How to tax data in the context of international taxation, Part 2

Kluwer International Tax Blog
August 14, 2020

Please refer to this post as: , ‘How to tax data in the context of international taxation, Part 2’, Kluwer International Tax Blog, August 14 2020, http://kluwertaxblog.com/2020/08/14/how-to-tax-data-in-the-context-of-international-taxation-part-2/


In Part 1, we discussed in a first step the ground barrier for taxing data in the context of international taxation: a proper definition of data. In a second step, we showed you which negative effects result from the trilemma of data-based taxation approaches. In part 2, we want to present possible solutions on how to tax data-driven businesses in a third step.

How to tax data-driven businesses

So, how can we tax data-driven businesses and meet all the criteria of the trilemma (see part 1) simultaneously? Previous solution strategies suggest either a purely quantitative or qualitative methodology.

Quantitative methodology

Like electric meters, counting the amount and use of electricity flowing through a household, with application programming interfaces as bites & bytes meters, it should already be possible to quantitatively measure the amount and use of data sent cross-borderly within an MNE (and probably even count the underlying user interaction). This first counting step could act in order to assign them to the respective state in a second step. But in this case, above all respective to personal data, a personal data breach seems to be tricky to avoid. Plus: Do we really want to demand from MNE to collect even more data just for the sake of taxation?

Qualitative methodology

Equally conceivable is a taxation approach that considers the underlying algorithm itself in the form of a purely qualitative methodology. In this formal-technical methodology, data would be assigned to countries according to the weighting of the respective algorithm.

However, it remains questionable how a corresponding allocation of value-added contributions should be possible. The idea of only one algorithm to determine is simply wrong. If we think of an MNE more like an ecosystem or an all-over connected organism, the underlying processes are not made possible by just one mega artificial intelligence. In fact, the term artificial intelligence is highly disputed, because we tend to think about just one super machine brain orchestrating e.g. the google empire. But for each application there are countless algorithms (or processes — Dr. Niekler as our computer science expert in the team does not get tired of pointing out the flawed tax lawyers´ terminology).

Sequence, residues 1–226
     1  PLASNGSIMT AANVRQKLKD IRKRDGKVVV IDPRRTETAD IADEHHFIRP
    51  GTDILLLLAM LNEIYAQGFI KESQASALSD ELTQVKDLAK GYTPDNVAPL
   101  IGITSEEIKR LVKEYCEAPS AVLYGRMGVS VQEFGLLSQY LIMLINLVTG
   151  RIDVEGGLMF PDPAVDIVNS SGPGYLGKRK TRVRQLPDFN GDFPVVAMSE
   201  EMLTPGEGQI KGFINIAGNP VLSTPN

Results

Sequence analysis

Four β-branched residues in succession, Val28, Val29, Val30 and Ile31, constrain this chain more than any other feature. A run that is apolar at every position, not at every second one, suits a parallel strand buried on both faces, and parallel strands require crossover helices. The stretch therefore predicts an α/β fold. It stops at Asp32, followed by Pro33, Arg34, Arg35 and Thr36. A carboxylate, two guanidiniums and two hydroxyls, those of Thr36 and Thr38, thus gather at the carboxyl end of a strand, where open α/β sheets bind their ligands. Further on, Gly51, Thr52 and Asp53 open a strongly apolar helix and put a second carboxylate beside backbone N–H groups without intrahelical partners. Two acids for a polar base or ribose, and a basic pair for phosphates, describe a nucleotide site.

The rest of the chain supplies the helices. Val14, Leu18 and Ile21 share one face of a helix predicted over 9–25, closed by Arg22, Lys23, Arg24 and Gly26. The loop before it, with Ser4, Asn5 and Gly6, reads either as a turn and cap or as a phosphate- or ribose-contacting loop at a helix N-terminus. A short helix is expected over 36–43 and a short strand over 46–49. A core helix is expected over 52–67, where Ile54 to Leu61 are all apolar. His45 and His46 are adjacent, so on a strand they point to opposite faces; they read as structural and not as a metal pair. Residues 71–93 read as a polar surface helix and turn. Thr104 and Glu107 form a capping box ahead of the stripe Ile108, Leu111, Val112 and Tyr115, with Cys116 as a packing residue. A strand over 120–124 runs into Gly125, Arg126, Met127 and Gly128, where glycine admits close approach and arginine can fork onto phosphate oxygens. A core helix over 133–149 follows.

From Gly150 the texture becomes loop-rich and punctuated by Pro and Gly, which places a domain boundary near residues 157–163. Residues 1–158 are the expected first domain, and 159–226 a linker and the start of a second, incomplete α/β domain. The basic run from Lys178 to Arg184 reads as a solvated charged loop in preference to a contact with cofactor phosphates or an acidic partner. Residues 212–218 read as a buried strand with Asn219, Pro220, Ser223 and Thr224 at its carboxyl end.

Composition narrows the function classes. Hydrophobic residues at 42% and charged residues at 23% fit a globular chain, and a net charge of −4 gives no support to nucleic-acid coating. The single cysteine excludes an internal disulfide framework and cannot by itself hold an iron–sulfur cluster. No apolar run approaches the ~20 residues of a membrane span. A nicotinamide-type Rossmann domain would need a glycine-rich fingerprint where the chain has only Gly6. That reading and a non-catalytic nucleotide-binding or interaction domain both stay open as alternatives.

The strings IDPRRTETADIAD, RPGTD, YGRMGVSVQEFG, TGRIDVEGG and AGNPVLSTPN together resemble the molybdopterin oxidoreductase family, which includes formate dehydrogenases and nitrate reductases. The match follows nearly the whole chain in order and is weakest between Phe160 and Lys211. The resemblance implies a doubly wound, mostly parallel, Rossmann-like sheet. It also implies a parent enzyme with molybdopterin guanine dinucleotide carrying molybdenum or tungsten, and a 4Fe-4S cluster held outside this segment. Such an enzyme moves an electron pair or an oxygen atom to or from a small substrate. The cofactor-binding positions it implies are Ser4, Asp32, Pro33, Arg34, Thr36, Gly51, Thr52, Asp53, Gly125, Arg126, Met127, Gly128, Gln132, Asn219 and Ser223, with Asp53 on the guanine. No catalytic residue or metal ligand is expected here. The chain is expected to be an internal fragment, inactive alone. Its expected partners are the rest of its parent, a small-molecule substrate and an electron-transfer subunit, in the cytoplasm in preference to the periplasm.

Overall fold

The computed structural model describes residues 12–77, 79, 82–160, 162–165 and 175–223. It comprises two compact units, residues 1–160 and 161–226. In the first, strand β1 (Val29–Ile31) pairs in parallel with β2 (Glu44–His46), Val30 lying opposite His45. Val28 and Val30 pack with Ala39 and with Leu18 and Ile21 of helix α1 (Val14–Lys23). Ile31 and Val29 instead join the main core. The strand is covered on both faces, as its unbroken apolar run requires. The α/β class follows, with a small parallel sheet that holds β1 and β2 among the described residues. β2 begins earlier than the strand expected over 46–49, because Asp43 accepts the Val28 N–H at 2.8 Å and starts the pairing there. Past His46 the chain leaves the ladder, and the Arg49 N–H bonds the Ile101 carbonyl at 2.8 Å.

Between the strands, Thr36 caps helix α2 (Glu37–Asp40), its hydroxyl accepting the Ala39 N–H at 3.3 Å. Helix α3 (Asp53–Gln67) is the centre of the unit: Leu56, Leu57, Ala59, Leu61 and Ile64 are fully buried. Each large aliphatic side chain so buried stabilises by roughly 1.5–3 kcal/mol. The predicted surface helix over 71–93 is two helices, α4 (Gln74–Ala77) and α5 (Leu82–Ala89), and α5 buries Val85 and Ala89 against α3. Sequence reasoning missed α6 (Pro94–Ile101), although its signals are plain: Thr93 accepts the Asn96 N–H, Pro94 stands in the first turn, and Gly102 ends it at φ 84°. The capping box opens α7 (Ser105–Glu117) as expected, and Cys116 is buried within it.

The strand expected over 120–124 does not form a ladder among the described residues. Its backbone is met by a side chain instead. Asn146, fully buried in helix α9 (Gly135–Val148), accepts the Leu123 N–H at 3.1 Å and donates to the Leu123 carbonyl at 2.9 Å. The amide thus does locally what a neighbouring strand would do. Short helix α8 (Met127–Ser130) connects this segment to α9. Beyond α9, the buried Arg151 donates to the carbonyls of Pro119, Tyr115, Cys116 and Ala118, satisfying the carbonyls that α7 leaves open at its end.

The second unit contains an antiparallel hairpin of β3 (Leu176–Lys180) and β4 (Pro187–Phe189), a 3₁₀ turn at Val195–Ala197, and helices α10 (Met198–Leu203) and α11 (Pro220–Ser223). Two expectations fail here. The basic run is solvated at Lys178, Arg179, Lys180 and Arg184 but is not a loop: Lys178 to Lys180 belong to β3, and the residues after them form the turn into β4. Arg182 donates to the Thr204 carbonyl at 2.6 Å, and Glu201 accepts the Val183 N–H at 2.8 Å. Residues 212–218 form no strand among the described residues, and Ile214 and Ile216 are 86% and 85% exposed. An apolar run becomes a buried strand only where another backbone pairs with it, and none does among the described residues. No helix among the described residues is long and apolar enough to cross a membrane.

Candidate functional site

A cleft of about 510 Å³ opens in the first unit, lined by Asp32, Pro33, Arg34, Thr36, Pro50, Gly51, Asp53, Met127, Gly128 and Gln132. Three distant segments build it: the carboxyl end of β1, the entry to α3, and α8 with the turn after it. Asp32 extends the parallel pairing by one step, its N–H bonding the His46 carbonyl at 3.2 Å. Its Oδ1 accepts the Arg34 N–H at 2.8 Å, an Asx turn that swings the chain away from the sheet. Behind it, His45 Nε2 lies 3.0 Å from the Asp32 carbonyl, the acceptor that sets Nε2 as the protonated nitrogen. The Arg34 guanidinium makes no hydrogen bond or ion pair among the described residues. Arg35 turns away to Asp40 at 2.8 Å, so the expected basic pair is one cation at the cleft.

Additionally, the idea of weighting a person’s data might not only tricky, but also eventually ends in a breach of this person´s privacy sphere. And even if possible without, we need to ask our self: are businesses and tax authorities around the world capable of such a technical challenge? And isn´t the underlying weighting of the algorithm not an essential part of the MNE´ business secret?

A mixture of both

So, taxing the digitalized economy ends here? Well, we actually started with this unsatisfactory situation in the beginning. But if we accept the permanent establishment as a fixed principle, and if we assume that broadening the definition of it might not be a bad solution (highly disputed, but due to a lack of space nothing to discuss here), we also thought: this cannot be the answer.

Therefore, we propose a process-oriented approach that could make it possible to meet the criteria of the trilemma — localization, value creation, and control — away from the over-sophisticated focus on user- and algorithm-specific details.

Just conceptualize the cross-border services of a data-driven MNE with its regular functions like research & development, production and marketing.  What happens if it is possible to divide e.g. the production function in separate processes and describe them by process mining, count them by application programming interfaces, and verify them by blockchain methods? In this case, the transparency of the extraction and utilization of data might result in tracking exact locations within the value chain.

In this case, we use the Business Process Model Notation 2.0 (BPMN) as the central tool for the documentation of digital goods and services. As a form of process mining, BPMN describes all processes involved in the value chain. To make it more understandable: BPMN is a business analyse tool that provides a graphical notation for specifying business processes. In other words — with BPMN, you can transform your business in figures and diagrams for the use of everyone. Those processes as describer in turn need anchor points of the business models — which can be provided by application programming interfaces as counter of bites & bytes and the underlying user interaction (remember the electric meter comparison above).